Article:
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Israel’s announcement today that it is “allowing between 210 and 220” trucks into Gaza with humanitarian aid is a direct response to the pressure that the upcoming Freedom Flotilla II is creating. Continue reading →
Time is running out for Israel. And the Israeli government knows it. The Jewish Diaspora, especially the young, has a waning emotional and ideological investment in Israel. The demographic boom means that Palestinians in Israel and the occupied territories will soon outnumber Jews. And Israel’s increasing status as a pariah nation means that informal and eventually formal state sanctions against the country are probably inevitable.
Global Condemnation of Israeli Armed Attack on Gaza-Bound Freedom Flotilla: At Least 10 Dead, Hundreds Remain in Detention
It was early Monday morning as Israeli soldiers stormed the Gaza-bound international aid convoy called the Freedom Flotilla in international waters about forty miles off the coast of Gaza. The six ships had nearly 700 international activists on board and 10,000 tons of humanitarian aid. They were aiming to break the three-year-long siege of the Gaza Strip. Israeli commandos landed on the lead ship in the convoy, the Turkish Mavi Marmara, which had about 600 activists on board. At least ten and as many as nineteen civilians on board the ship have been reported to have died in the attack. Israeli troops proceeded to seize the Mavi Marmara and the five other ships and take them to the port of Ashdod. Hundreds of activists are being detained in an Israeli prison, and nearly fifty others have been deported. The United Nations Security Council has condemned the attack and called for the immediate release of the ships and the civilians held by Israel and called for an impartial investigation. All the permanent members of the Security Council except for the United States explicitly called for Israel’s three-year blockade of the Gaza Strip to be lifted. Turkey has compared Israel’s actions to state terrorism. We speak to Adam Shapiro, Amira Hass, Ali Abunimah and Richard Falk. [includes rush transcript]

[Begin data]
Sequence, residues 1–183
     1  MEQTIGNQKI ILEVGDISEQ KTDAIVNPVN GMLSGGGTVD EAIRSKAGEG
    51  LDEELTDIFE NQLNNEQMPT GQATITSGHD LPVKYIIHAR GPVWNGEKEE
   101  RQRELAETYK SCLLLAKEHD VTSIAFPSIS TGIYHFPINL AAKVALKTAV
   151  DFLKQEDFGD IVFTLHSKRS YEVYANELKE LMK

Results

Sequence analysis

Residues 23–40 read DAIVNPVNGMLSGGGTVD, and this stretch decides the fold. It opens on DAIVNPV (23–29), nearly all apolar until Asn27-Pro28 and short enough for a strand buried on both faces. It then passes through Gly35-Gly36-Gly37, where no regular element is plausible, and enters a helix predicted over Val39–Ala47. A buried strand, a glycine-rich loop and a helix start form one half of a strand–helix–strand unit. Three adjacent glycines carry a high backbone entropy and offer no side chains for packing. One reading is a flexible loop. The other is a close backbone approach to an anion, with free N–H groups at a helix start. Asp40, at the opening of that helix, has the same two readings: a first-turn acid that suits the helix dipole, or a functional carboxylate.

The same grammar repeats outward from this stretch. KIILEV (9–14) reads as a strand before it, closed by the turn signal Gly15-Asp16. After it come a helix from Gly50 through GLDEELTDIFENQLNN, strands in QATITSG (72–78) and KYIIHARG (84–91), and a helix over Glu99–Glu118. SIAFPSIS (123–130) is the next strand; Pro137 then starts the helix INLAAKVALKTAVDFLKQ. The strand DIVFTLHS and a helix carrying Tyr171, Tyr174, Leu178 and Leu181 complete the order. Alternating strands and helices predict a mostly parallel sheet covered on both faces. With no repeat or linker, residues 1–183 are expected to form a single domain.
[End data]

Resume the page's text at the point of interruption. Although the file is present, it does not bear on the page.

Interview with Richard Falk, Professor Emeritus of International Law at Princeton University and author of “Crimes of War: Iraq” and “The Costs of War: International Law, the UN, and World Order after Iraq” recorded October 17, 2009 in Seattle.
Friday, 03 July 2009 01:13
Last Updated on Friday, 03 July 2009 01:14
2 July 2009
GENEVA – The UN Special Rapporteur on the situation of human rights in the Palestinian territories occupied since 1967, Richard Falk, denounced the unlawful naval seizure by an Israeli gunboat on the high seas of a ship carrying medicine and reconstruction material to blockaded people of Gaza.
“This Israeli action implements its cruel blockade of the entire Palestinian population of Gaza, in violation of Article 33 of the Fourth Geneva Convention that prohibits any form of collective punishment directed at an occupied people”, said the human rights expert.
Israeli’s assault on the Gaza Strip has caused havoc for the territorys residents. Even before the start of the offensive, a blockade on the region by Israel meant an humanitarian crisis was occurring in the Gaza Strip, which had meagre food and medical supplies. Al Jazeera’s Ayman Mohyeldin reports from Gaza on the impact this war has been having on the people.
The Israeli airstrikes on the Gaza Strip represent severe and massive violations of international humanitarian law as defined in the Geneva Conventions, both in regard to the obligations of an Occupying Power and in the requirements of the laws of war.